The ideal cancer treatment will safely stop cell proliferation, induce cancer cell death, inhibit a tumor’s ability to obtain a food supply and prevent metastasis by inhibiting cancer cell migration, adhesion and tissue invasion. It would have low to no side effects or signs of toxicity. It would ideally boost the existing treatments’ anticancer effects while protecting the surrounding healthy tissue.


Surprisingly, I found that the National Institutes of Health claims that cannabis is a complementary and alternative medicine. goes through the well-known side effects of a cancer diagnosis and treatment (nausea, vomiting, pain, insomnia, anxiety) as being treatable by cannabis molecules.


Then, as if "there's nothing to see here", the National Cancer Institute details the multiple ways that cannabis compounds directly fight the hallmarks of cancer itself and boost the efficacy of standard treatments while protecting healthy cells. They cite over 30 sources to make their case…


"Cannabinoids may have a protective effect against the development of tumors. Cannabinoids may cause antitumor effects by various mechanisms, including induction of cell death, inhibition of cell growth, and inhibition of tumor angiogenesis invasion and metastasis. Cannabinoids appear to kill tumor cells but do not affect their non-transformed counterparts and may even protect them from cell death."


This was maddening. Just in my own case, I should have been put on an antiproliferative, proapoptotic and antiangiogenic medication as soon as they found the mass. They then should have started a treatment plan including cannabinoids as adjunct agents to lessen the amount of standard therapies needed. Then, if those therapies caused any side effects, cannabinoids could have been used to provide relief.


There are no other treatments or protocols to date that may treat as many cancers and their side effects in as many ways with such low toxicity profiles as effectively and efficiently as cannabinoid-based therapy. This treatment ought to be the first-line option in every hospital and oncology clinic, especially those focusing on childhood cancers!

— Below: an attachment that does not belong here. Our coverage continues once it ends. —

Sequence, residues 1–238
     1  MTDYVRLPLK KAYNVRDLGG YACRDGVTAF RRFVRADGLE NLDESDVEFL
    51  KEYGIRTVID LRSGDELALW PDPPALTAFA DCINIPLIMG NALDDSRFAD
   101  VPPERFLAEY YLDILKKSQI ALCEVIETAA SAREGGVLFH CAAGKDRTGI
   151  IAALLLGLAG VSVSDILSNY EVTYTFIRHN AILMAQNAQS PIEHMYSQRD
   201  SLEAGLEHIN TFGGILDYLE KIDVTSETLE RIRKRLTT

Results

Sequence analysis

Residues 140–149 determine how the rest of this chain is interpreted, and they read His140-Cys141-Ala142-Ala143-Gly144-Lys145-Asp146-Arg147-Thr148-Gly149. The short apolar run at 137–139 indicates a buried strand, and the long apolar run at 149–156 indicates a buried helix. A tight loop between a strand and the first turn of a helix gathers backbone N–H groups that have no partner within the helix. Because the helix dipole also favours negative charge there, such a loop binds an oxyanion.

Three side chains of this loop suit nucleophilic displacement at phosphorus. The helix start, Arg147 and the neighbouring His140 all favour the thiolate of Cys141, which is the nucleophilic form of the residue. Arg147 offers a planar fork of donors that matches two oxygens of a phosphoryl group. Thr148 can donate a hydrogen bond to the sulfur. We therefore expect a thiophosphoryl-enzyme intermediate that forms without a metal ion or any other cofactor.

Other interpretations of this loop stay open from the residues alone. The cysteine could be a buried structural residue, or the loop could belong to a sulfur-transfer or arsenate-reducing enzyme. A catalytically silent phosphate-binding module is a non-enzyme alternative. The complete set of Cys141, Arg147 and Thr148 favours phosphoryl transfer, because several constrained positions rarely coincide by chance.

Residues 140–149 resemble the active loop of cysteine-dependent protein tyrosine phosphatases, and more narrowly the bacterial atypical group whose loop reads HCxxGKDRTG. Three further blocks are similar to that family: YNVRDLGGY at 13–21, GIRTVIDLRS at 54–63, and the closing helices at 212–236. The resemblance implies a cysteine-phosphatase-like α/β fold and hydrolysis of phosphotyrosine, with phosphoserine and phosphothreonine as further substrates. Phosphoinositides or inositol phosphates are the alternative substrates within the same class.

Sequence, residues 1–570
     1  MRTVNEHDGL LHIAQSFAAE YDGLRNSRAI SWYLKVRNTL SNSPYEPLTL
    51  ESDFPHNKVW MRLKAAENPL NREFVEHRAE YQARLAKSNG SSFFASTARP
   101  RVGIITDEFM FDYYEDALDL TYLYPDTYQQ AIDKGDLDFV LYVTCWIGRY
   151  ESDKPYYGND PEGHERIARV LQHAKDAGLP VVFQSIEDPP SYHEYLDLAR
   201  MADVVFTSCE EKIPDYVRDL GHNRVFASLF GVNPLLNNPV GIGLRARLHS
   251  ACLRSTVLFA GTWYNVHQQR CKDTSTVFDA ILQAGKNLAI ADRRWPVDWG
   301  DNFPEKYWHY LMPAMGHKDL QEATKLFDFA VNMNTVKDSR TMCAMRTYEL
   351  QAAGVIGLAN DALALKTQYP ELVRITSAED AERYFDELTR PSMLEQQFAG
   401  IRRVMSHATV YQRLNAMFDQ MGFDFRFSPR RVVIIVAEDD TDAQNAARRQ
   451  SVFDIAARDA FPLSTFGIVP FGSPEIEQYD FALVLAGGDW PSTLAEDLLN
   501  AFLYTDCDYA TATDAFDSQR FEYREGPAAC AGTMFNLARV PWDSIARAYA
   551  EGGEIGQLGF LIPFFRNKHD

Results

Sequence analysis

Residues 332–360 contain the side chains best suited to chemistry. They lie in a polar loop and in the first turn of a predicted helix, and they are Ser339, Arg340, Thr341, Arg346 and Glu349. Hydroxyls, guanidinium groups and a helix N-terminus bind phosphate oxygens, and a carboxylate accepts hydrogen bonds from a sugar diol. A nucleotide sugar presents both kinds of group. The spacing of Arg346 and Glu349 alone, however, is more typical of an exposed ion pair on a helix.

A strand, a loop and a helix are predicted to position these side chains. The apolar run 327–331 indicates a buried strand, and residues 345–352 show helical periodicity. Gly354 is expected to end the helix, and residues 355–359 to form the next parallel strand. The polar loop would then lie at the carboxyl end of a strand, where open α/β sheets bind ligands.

Even if we had the funding today, there would still be a decade of research and development before a patient gets the medicine in their hands. We cannot wait for legislation to catch-up with science.


It was from this dilemma that I founded our nonprofit… I thought, ‘we can't do our own clinical trials, but we can do the closest thing to them: case studies.’ We are following patients willing to share their images, reports and surveys to build the largest portfolio of case studies yet.


Through partnerships with Texas hemp producers, we are able to provide hemp-based products free of cost for qualifying cancer patients.


This project isn’t opposed to clinical trials, I just know that it’s going to take a lot of data to bring in the capital, and these case studies are the best bet in solidifying sustainable funding. Hemp is legal in all 50 states so we’ll start with what we have.


This has been the logic…


I need a mix to “prevent and or treat*” genetically-driven neoplasms.

Why not produce it to where others can access what I myself trust and use?

Why not start a nonprofit and donate the mix to qualifying cancer patients?

Why not use that opportunity to build a portfolio of case studies to advance cannabis?

So, I partnered with the largest family owned, seed-to-sale, hemp company in the DFW Metroplex: Power Biopharms (

You can join us on our journey as we grow, by donating time, talent or funds.

Visit for more information, volunteer opportunities, and to make your tax deductible donation today!

*Cannabinoids as antioxidants and neuroprotectants #US6630507